Approximately 50 years ago, it was demonstrated that developing enamel had a high protein content, whereas mature enamel did not [33, 34]. It was discovered that the enamel matrix proteins were removed during the maturation stage of amelogenesis [35]. Studies on developing bovine enamel demonstrated that the percentage of protein by weight dropped from 30% during the secretory stage to 2% during the early maturation stage [36]. In the rat incisor, a similar decline was associated with a significant change in the amino acid composition of total enamel matrix proteins [37]. Thus, a role for proteinases in the degradation and export of enamel proteins was advanced. Approximately 25 years ago, several investigations suggested that as the forming enamel passes through the secretory stage and into the maturation stage of development, the enamel proteinases undergo a change in profile. This change was first identified by Overall and Limeback [38] who used enzyme inhibitors to demonstrate that metalloproteinase(s) were present during early enamel development and that serine proteinase(s) were present during the later stages. Although there was some overlap, this change in enzyme profile was confirmed by several other investigators [3943]. Therefore, prior to identification of any specific protease within developing dental enamel, evidence suggested that at least two classes of enzymes were present. A proteinase of the metalloproteinase class was present early during the secretory stage, and a proteinase of the serine class was present late during the maturation stage of enamel development.

The proteinase expressed during the secretory through early maturation stage is MMP20 [44] and the proteinase expressed from the transition through maturation stages is KLK4 [45]. To date, these are the only two proteinases known to be secreted into the enamel matrix. Both proteinases are present in trace amounts during enamel development, and each proteinase was separately cloned by performing PCR-based homology cloning [46, 47]. KLK4 was originally named enamel matrix serine proteinase-1 (EMSP1), but its name was changed to kallikrein-4-related peptidase-4 because the gene encoding KLK4 locates in the kallikrein gene cluster.

4. Matrix Metalloproteinase-20/Enamelysin

4.1. MMP20 Nomenclature

MMP20 was originally cloned from a porcine enamel organ cDNA library [46]. Although it has since been shown to be expressed in odontoblasts of the pulp organ [48], originally its expression was thought to be confined to the enamel organ. This novel MMP was therefore named “enamelysin”. At the 1997 Gordon Research Conference on Matrix Metalloproteinases, a group headed by Dr. J. Fredrick Woessner designated this novel MMP as “MMP20”, and this designation was first published with the cloning of the human MMP20 mRNA [49].

4.2. MMP20 Localization

MMP20 was cloned by PCR-based homology cloning from pig enamel organ, and supporting northern blots demonstrated its tissue restricted pattern of expression. Therefore, it remained uncertain as to which cells of the enamel organ expressed MMP20, and whether MMP20 was secreted into the enamel matrix. These issues were resolved by a report that used immunogold labeling analysis to identify MMP20 location and used a unique, zymography technique that started with a gel overloaded with porcine enamel matrix proteins. The zymogram was incubated for a short time to demonstrate proteolysis of the copolymerized substrate and was then subjected to western blotting to demonstrate that those zones of proteolysis were attributed to MMP20 [48]. Another paper showed in situ hybridization to demonstrate that both ameloblasts and odontoblasts express Mmp20 transcripts [44]. Thus, MMP20 became the first proteinase to be definitively identified as expressed by the ameloblasts of the enamel organ and was identified by name as the first proteinase secreted into the developing enamel matrix.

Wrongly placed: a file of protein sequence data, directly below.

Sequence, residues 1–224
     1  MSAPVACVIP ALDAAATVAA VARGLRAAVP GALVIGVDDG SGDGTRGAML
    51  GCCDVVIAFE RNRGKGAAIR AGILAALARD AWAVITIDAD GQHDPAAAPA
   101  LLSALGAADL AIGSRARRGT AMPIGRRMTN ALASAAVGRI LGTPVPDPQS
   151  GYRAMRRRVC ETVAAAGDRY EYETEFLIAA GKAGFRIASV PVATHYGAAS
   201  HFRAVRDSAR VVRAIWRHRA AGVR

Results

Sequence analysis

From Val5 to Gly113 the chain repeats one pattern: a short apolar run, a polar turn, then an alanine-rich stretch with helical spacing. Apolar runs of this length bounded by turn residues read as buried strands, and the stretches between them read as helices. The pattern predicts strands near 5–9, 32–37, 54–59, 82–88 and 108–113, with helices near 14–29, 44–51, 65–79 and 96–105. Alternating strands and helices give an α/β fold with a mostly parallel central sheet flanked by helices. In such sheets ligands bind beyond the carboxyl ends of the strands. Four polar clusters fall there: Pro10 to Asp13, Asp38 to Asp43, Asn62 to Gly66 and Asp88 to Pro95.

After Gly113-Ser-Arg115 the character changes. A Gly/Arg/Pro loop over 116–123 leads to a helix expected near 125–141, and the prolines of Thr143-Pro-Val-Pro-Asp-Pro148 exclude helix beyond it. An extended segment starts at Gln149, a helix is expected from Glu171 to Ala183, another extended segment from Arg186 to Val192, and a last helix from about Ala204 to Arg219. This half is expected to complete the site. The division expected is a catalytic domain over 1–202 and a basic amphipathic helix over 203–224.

4.3. MMP20 Tissue Expression

MMP20 has a highly restricted pattern of expression. Very few tissues or cell lines express MMP20. Reverse-transcription-PCR was used to detect various MMP expression in 51 different cell lines. However, none of the cell lines tested positive for MMP20 [50]. In contrast, MMP20 was expressed in a few pathologic tissues such as in ghost cells of calcifying odontogenic cysts [51], odontogenic tumors [52], human tongue carcinoma cells [53], and in bradykinin treated granulosa cells isolated from the follicles of porcine ovaries [54]. No recent reports have observed MMP20 expression in any tested cell line (reviewed in [55]).

Our laboratory assessed Mmp20 expression by quantitative-real time PCR (qPCR) of mRNA isolated from various mouse tissues. We found that except for developing teeth, Mmp20 was only expressed at very low levels in the large intestine. MMP20 expression in the intestine was too low to be detectable by northern blotting and was approximately 5000 times lower than the levels observed in 4-day-old tooth buds. Mmp20 was not expressed in small intestine, brain, heart, kidney, liver, lung, pancreas, spleen, or stomach [56]. Incomprehensively, in 2009, one group published a report stating that an SNP within MMP20 was associated with kidney aging. Two years later, the same group published a review article reiterating their finding. An MMP20 association with kidney aging has not been confirmed by any other group and no other papers have been published on this subject. The finding was problematic because MMP20 is not expressed in the kidney. An NCBI search for “MMP20” in the UniGene search engine reveals that not a single MMP20 EST has been recovered from the kidney. Of even greater consequence, it was discovered that in Baleen whales, Mmp20 is a pseudogene. Baleen whales lack teeth and since nonfunctional Mmp20 genes are found only in mammals lacking enamel, the authors postulated that the only nonoverlapping essential function of MMP20 is in dental enamel formation [57]. Therefore, to date, MMP20 is considered a tooth-specific MMP.